Stocks & Storytelling

It’s 1994. Iomega (presently Lenovo) is expected to release a product that will revolutionize the PC and storage world. The product is the zip drive – a floppy disk storage system. Like the one in the picture below…you know, the one that’s sitting next to your computer (NOT!).

The stock was hot. It began with a whisper, then to web forums, and eventually to Wall Street who were touting the stock to anyone that was breathing. The story was spreading and it was on fire. People who lived near the company’s factory in Utah, would drive by the factory on a Sunday to see how crowded the employee car park was. And if it was full, the story was, the company can’t meet demand – keep buying the stock! The stock gained 2,135% in one year. Eventually CD-Roms and USB drives killed the Zip Drive, and the company.

Story-telling. Once upon a time, investing began this way. Once the portfolio was built, data was used to market it – we like ABC Company because <insert reason here>, and we expect earnings to surprise to the upside. There was no evidence behind the decision making. It was a gut-feel. A hunch. A story. Eventually, investment professionals realised this game wouldn’t last forever. The narrative changed from telling stories about individual companies to telling stories about investment themes and managed funds – we like Europe because <insert story here> and ABC manager has a strong track record in this space, we expect strong upside from here.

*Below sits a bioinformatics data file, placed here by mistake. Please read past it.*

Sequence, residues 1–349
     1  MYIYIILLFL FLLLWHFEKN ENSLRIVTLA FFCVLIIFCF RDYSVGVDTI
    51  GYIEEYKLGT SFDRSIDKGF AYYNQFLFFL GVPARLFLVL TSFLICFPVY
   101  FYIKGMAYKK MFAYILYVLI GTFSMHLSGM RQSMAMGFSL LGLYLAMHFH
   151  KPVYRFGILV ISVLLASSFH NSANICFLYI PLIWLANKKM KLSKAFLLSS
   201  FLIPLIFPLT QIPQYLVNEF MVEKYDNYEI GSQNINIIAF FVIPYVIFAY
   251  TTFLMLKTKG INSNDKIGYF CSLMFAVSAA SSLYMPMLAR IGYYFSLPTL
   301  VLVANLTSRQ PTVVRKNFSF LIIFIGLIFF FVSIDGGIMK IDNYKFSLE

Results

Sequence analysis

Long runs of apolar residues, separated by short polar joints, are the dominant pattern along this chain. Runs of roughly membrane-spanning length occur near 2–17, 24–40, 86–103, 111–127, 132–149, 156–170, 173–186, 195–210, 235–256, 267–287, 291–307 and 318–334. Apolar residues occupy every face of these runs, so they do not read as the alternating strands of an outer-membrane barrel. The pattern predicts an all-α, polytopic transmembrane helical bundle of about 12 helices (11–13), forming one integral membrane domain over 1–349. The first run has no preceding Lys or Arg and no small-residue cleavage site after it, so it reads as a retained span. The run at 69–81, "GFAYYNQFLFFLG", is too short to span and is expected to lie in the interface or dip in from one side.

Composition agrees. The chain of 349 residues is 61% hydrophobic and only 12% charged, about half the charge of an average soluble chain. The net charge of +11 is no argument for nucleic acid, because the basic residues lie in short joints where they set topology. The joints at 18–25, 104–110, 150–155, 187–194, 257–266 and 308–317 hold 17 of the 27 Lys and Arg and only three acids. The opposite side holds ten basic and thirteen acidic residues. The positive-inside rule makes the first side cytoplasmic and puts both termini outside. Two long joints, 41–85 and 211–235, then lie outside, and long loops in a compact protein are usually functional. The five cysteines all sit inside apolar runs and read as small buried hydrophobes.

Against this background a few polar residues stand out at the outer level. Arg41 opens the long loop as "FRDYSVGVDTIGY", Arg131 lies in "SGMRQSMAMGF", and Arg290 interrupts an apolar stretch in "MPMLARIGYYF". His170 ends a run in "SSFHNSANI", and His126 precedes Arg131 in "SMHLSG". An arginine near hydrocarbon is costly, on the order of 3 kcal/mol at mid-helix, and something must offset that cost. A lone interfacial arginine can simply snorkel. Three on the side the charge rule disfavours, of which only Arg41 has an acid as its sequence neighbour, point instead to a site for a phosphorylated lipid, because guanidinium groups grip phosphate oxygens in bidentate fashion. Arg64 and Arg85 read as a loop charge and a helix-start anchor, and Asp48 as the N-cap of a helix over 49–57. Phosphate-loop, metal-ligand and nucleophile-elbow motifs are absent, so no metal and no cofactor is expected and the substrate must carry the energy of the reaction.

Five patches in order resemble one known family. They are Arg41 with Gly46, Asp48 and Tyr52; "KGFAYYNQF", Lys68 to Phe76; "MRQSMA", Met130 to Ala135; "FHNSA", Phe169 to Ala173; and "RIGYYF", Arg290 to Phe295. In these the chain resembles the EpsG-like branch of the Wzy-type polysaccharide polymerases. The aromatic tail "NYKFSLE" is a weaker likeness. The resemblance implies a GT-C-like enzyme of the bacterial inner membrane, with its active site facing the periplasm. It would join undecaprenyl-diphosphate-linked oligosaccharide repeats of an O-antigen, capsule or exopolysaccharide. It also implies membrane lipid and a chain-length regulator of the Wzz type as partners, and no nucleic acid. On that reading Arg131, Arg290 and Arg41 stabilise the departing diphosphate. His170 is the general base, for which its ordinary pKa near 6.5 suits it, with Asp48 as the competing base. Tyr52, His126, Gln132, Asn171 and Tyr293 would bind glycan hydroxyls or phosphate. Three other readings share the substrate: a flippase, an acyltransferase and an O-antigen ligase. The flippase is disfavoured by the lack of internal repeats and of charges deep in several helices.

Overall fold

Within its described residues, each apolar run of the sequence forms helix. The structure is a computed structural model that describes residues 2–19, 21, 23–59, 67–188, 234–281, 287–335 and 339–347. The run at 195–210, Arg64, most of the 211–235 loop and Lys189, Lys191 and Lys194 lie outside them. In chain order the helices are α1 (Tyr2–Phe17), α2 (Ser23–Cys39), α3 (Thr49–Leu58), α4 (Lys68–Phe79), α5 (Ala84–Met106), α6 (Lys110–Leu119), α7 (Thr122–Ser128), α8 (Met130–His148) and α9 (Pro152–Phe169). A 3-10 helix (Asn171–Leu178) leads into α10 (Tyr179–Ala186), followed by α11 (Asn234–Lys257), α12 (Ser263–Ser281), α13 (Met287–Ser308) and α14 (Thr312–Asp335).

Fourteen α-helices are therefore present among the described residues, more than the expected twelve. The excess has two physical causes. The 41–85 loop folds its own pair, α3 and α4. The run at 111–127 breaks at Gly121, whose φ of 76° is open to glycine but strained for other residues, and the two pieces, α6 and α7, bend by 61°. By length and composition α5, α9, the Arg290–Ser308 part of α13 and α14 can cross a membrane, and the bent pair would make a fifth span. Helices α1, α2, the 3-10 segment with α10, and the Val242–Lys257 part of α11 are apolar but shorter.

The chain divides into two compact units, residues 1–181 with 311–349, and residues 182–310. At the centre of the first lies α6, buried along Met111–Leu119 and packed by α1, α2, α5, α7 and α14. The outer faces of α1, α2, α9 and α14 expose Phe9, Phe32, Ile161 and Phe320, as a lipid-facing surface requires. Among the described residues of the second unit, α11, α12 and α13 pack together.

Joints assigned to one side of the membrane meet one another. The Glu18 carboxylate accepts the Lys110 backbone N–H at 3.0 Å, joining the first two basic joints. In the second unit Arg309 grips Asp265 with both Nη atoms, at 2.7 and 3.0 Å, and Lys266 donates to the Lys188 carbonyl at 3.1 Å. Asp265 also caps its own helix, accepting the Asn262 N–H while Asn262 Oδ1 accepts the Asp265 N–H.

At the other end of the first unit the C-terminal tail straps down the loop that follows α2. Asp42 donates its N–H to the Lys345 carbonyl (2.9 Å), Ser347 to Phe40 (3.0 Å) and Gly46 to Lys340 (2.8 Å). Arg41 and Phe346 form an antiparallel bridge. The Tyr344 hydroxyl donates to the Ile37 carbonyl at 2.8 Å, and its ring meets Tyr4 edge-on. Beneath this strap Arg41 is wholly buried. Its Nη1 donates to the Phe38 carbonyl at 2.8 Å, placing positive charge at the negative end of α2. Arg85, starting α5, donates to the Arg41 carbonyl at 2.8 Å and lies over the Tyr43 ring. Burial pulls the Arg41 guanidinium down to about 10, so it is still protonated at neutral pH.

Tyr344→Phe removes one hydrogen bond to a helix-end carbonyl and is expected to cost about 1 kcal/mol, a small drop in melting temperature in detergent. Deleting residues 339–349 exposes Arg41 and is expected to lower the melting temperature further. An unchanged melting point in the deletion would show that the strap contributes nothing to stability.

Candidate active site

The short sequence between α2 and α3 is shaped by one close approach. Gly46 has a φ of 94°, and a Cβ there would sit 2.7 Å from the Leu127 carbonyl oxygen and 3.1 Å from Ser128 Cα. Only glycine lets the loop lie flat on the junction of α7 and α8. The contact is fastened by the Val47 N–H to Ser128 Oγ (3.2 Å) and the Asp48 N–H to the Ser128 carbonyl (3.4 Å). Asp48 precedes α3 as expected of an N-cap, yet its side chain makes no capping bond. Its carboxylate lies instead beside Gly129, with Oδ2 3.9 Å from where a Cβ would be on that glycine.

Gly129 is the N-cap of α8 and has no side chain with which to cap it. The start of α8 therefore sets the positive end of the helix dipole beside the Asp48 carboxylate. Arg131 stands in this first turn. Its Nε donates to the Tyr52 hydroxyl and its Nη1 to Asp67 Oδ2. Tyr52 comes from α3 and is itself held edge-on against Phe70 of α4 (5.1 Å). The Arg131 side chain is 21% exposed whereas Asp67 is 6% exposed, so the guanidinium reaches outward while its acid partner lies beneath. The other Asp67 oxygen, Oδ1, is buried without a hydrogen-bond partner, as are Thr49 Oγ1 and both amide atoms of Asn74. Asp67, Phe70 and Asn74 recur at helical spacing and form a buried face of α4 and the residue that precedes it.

These statements would imply anecdotal insight into the future of a company, region, fund, and ultimately, it’s stock/s.

A lot has changed over the last 25 years. Today, portfolios are constructed very differently. They are constructed using math, data and evidence. And story telling is used to market them. Unlike 25 years ago, the story would sell the stock, and if the data was compelling (after the fact), it would be used to market the stock/manager.

Some money managers still operate like its 1994. Other than a very small handful of managers, most are not very good at it (managing money). The difficulty for end investors and investment professionals selling these portfolios of stocks, is that investors can only identify the winners after the fact, which is of no use to anyone.

Here’s the latest (Australian) data showing the percentage of funds that under performed their benchmark.

Source: SPIVA

The numbers are quite staggering. This is not an Australian phenomenon, the numbers are similar all around the world. Click here if you want to see the rest.

So who should care? Every investor who sometimes confuses brains with bullshit stories should care. Investors should ensure their portfolios are built using evidence and data, not gut-feels and hunches.